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U.S. Chief of Staff Given Tour of Northeastern Chinese Military Base

Aug. 16, 2017 (EIRNS)—General Joseph Dunford, the chief of the Joint Chiefs of Staff, was given the rare opportunity of a visit to a Chinese military base in Shenyang in northeastern China, 130 miles from the North Korean border. Dunford was able to view live-fire drills, and he lunched with the Peoples' Liberation Army (PLA) troops. The troops viewed by Dunford were part of a “combined arms brigade,” a new concept introduced into the PLA by President Xi Jinping in his wide-ranging military reforms.

Yesterday, Dunford had signed an agreement with his Chinese counterpart, General Fang Fenghui, chief of the PLA’s Joint Staff Department, to formalize an increase in communication between the U.S. and Chinese militaries. Gen. Dunford said he had held “broad-stroke discussions” about a contingency in case of conflict with North Korea and that he had stressed to his Chinese counterparts the need for robust communication ties. He declined to provide details of how the Chinese side had responded.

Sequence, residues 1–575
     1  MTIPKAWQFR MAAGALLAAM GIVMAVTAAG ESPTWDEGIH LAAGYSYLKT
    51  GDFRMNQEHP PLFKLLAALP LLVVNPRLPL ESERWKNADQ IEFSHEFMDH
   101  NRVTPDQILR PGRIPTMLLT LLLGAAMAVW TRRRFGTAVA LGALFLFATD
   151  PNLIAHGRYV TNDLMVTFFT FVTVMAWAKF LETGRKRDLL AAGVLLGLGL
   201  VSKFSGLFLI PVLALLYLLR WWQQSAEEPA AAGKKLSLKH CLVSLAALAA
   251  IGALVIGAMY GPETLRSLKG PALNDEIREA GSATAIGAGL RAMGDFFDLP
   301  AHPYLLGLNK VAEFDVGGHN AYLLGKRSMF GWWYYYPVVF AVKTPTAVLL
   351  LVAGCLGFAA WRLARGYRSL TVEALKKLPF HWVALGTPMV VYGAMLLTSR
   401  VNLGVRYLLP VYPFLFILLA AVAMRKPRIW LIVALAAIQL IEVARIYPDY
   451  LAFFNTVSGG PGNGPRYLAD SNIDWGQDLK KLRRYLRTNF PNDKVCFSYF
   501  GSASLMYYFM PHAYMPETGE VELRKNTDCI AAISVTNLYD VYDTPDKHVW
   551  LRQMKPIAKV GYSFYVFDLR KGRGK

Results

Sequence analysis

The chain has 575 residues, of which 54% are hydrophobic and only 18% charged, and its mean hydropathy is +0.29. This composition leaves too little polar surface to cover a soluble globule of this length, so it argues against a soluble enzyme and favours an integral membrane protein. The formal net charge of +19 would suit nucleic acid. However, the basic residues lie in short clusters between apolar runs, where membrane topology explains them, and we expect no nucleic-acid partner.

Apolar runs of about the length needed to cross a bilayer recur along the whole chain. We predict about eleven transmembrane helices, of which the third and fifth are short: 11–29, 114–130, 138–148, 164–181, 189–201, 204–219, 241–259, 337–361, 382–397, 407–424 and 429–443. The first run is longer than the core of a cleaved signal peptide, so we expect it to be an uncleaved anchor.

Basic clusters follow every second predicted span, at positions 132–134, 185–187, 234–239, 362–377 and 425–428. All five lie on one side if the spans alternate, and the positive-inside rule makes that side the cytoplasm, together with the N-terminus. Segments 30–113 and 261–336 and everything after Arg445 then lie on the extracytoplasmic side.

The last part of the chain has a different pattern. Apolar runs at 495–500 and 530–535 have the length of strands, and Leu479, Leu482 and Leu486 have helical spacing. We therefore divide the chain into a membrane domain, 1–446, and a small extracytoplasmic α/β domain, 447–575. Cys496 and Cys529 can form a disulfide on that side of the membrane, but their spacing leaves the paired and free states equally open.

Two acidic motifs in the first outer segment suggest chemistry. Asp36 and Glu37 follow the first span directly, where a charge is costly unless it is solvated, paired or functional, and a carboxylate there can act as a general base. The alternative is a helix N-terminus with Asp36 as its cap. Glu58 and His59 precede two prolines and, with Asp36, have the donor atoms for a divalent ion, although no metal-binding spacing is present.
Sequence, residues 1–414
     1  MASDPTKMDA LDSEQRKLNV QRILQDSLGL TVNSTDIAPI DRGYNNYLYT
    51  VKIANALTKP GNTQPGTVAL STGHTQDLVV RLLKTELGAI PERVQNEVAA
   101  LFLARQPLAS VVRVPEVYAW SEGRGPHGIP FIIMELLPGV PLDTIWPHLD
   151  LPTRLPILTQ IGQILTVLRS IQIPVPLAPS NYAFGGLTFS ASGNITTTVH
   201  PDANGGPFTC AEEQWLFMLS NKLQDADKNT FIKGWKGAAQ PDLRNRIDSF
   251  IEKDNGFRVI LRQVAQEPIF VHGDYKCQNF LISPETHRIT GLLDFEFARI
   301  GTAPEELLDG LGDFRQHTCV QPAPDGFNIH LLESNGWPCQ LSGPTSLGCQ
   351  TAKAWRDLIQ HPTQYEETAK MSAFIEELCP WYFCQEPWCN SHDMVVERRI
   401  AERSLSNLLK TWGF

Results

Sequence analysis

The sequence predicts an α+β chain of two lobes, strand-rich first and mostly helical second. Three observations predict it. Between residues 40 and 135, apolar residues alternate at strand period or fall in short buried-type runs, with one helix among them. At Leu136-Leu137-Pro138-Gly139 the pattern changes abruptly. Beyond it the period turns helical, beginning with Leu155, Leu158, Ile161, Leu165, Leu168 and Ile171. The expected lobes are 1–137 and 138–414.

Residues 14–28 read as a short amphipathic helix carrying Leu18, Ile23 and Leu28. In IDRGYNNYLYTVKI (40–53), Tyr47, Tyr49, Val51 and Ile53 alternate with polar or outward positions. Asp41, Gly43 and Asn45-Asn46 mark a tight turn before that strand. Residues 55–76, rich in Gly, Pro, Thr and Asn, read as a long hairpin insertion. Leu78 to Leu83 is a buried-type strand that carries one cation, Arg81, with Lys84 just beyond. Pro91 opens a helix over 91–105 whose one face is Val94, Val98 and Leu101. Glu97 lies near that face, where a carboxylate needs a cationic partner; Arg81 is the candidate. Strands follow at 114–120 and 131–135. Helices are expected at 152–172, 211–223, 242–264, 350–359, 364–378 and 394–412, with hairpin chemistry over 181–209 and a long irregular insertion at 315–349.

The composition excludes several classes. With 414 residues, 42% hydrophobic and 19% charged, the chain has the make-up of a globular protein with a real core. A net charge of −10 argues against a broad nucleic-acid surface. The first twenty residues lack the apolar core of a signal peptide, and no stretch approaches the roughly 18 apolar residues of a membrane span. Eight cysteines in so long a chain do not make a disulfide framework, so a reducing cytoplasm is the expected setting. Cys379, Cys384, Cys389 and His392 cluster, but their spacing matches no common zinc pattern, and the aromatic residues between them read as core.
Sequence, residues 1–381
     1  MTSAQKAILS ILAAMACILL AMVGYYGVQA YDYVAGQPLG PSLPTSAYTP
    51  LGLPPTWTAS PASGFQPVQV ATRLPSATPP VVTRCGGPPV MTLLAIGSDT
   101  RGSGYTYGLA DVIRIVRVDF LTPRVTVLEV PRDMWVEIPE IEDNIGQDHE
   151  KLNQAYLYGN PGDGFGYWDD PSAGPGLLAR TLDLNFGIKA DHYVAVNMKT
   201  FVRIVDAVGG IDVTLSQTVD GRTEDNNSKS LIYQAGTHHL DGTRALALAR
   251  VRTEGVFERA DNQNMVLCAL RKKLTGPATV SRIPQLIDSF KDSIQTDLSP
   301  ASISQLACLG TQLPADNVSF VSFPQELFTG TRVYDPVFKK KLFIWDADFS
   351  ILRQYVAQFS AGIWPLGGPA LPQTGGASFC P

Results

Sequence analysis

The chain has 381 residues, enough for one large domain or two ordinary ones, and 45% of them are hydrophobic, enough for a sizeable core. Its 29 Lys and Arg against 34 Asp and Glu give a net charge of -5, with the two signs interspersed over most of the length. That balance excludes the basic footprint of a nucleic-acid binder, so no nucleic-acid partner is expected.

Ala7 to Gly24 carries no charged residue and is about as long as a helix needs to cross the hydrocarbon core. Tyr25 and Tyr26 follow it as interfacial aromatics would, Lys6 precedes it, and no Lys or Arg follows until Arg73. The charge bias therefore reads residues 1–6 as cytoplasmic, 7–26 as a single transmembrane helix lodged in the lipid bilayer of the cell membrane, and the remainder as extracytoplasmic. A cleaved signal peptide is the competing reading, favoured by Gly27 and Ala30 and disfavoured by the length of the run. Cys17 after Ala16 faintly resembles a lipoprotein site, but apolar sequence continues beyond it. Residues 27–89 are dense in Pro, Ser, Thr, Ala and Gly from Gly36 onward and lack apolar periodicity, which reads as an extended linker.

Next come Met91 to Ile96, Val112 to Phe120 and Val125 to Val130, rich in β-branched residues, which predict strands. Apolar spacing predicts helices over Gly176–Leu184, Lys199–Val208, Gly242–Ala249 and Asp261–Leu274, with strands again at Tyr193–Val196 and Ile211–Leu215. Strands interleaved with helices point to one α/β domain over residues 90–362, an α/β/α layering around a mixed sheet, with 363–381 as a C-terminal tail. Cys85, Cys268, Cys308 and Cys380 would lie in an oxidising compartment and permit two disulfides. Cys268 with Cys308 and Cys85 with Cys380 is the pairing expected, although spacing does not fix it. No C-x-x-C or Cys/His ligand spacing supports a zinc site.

U.S. officials hope U.S. and Chinese military counterparts could be connected at various levels. For example, U.S. military officials said that the American commander of U.S. Forces Korea, now Gen. Vincent Brooks, should be directly in touch with the commander of Chinese forces in their Northern Theater Command, which is responsible for the North Korean border.

“The time to have some initial conversations about what a contingency on the Korean Peninsula would look like would be before the contingency occurs,”

Gen. Dunford told reporters on his plane Wednesday. But it is not clear that the Chinese would agree to such an arrangement at that level.